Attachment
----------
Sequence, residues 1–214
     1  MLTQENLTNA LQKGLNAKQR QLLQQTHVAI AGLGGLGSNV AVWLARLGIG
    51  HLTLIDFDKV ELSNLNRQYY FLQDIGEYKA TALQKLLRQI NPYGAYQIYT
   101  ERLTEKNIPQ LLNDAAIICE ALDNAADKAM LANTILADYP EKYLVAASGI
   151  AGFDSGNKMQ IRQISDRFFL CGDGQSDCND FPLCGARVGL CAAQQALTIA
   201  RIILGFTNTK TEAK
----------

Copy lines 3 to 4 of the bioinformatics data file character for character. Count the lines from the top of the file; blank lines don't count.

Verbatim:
    51  HLTLIDFDKV ELSNLNRQYY FLQDIGEYKA TALQKLLRQI NPYGAYQIYT
   101  ERLTEKNIPQ LLNDAAIICE ALDNAADKAM LANTILADYP EKYLVAASGI